With the arrival of this new R-rated promo-clip montage, it becomes obvious that Warner Independent is still trying to figure out what the fuck to do with Michael Haneke’s sure-to-be-unpleasant Funny Games remake.
Summer counterprogramming comes through in a fairly big way with Knocked Up, the follow-up to writer/director Judd Apatow’s sweet, sensible and hilarious The 40 Year-Old Virgin. Steve Carell was charmingly awkward in that movie, but Knocked Up star Seth Rogan is more goofy, with the unassuming smile of a gentle doofus plastered across his face for the film’s duration. Somehow this big lug stumbles into a one-night stand with inebriated TV personality Katherine Heigl and, to the consternation of both parties, a baby is soon on the way. Apatow’s subject is the culture clash between Heigl’s orderly upper middle class lifestyle and Rogan’s Top Ramen digs. Will she accept him for who he is? Will he ever grow up and take responsibility for his actions? Of course they will—it’s Hollywood. The point is how they get there. Without Carell around, the new film doesn’t scale the same outrageous comic heights, but it’s still very funny, with the subjects of pregnancy and childbirth adding a new dimension to the ever-present sex comedy. And as crude as it is—earning its R rating with dirty jokes, raunchy dialogue, and a helping of stoner humor—its witty, family-values approach manages to avoid pandering.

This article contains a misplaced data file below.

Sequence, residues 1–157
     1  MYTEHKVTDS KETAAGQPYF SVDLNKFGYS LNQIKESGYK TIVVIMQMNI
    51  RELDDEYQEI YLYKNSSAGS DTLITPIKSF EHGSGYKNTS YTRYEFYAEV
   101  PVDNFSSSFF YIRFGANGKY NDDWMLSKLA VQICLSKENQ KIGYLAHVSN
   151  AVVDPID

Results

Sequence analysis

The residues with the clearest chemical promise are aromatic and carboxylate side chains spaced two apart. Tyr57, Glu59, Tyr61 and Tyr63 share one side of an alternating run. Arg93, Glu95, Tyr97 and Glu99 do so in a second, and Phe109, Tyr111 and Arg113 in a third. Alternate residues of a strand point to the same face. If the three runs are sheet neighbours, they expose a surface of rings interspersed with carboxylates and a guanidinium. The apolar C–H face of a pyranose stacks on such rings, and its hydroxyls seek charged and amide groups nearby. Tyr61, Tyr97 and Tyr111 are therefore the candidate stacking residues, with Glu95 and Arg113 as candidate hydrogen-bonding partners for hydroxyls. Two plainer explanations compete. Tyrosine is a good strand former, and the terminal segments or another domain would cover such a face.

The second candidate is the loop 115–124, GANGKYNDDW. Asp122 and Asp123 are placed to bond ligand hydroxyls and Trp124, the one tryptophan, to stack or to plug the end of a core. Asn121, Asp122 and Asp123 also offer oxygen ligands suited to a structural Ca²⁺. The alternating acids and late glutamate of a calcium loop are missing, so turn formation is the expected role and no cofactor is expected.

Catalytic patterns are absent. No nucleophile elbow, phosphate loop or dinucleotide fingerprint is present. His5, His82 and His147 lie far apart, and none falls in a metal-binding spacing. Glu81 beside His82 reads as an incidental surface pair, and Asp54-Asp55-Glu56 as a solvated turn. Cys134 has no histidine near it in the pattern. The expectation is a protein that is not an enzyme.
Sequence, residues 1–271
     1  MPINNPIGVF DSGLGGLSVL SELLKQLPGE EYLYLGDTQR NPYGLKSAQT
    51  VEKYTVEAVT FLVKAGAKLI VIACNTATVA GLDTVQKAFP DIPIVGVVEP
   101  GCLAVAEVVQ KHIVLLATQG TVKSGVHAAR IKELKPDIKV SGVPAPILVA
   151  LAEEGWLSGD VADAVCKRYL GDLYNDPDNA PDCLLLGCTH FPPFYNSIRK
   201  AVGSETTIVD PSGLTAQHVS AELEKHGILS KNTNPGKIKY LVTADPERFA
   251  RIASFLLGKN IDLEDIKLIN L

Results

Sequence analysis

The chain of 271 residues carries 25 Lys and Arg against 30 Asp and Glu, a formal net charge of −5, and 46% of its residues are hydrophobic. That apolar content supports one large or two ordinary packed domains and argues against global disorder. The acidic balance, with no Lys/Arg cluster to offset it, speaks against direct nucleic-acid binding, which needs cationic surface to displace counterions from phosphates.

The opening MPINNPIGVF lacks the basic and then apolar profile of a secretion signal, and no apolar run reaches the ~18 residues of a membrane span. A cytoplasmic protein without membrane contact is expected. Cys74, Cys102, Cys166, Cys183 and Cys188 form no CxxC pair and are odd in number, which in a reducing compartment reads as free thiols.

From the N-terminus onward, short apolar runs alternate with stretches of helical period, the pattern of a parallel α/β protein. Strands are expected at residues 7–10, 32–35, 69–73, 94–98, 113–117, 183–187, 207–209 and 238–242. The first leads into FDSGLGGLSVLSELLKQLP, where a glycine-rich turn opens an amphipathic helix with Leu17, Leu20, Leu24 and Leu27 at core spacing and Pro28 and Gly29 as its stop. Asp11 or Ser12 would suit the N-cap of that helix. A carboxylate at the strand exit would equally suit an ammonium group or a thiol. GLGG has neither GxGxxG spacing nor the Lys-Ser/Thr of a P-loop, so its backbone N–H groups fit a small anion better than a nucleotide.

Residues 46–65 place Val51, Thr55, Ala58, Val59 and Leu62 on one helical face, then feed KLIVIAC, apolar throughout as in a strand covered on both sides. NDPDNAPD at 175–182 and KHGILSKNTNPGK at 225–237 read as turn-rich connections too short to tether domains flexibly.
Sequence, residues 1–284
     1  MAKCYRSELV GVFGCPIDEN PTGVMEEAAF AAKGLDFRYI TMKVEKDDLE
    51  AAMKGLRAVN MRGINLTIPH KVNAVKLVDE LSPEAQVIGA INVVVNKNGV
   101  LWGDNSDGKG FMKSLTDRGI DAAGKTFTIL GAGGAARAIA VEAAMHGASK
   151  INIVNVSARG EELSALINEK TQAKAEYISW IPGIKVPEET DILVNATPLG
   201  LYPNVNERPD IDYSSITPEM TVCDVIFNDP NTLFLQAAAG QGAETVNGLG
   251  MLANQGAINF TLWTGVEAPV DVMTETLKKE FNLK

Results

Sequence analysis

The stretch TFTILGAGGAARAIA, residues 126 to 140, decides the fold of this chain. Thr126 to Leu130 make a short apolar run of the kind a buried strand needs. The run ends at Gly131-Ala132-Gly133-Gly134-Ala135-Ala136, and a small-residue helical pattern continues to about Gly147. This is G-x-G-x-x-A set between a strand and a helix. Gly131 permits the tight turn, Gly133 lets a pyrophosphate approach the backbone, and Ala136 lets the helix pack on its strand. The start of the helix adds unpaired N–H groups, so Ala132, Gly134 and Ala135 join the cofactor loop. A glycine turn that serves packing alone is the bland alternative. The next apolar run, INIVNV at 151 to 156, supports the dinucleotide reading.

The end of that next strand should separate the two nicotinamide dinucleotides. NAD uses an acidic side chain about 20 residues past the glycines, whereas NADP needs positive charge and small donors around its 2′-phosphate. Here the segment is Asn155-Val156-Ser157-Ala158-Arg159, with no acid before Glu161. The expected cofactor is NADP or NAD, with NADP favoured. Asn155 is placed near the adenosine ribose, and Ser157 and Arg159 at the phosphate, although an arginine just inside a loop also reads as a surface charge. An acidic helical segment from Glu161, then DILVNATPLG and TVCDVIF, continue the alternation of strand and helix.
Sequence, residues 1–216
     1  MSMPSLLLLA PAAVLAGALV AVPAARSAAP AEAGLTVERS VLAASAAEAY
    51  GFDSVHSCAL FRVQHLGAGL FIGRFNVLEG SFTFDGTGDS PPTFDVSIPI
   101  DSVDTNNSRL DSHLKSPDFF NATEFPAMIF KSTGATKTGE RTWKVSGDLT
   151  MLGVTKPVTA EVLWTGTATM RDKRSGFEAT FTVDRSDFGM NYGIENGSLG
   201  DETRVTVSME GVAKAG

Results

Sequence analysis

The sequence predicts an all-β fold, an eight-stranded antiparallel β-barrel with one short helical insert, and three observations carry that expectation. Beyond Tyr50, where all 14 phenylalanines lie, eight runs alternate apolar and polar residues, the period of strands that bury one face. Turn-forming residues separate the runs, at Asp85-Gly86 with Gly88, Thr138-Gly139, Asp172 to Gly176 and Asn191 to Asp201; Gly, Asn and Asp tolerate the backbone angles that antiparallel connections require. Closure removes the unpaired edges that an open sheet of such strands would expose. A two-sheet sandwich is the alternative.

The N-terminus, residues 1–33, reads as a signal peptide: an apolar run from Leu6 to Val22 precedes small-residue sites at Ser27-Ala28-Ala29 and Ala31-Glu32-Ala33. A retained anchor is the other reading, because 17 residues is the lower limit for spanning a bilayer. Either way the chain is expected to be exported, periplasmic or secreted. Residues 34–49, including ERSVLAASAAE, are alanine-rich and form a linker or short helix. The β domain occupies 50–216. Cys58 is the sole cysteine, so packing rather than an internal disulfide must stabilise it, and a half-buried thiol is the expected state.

The old razzle-dazzle is back with the release of Ocean’s Thirteen, a third outing in the star-anchored caper franchise. It returns to the neon glow and slot-machine jangle of Las Vegas, where aptly named entrepreneur Willy Bank (Al Pacino) is bilking his erstwhile partners out of their fair share in his new hotel/casino venture, and Danny Ocean (George Clooney) and crew are scheming to take Bank down. To call the ensuing plotline “highly improbable” would be paying it an enormous compliment. It’s ludicrous, contrived, and borderline crazy. Of course, that’s almost completely irrelevant with this cast. Clooney’s great talent is putting on an air of seriousness that suggests he doesn’t know how good he looks doing it. Matt Damon selflessly casts aside movie-star ego and spends most of his screen time wearing a gigantic fake schnozz to gentle comic effect. Brad Pitt remains completely and spectacularly chilled out for the duration. Best of all, director Steven Soderbergh’s camera takes it all in with jazzy, unburdened élan, zipping easily from character to character. Don’t expect an engaging or absorbing heist yarn. But of the summer sequels released so far, it’s easily the least complicated and most entertaining—and probably the smartest.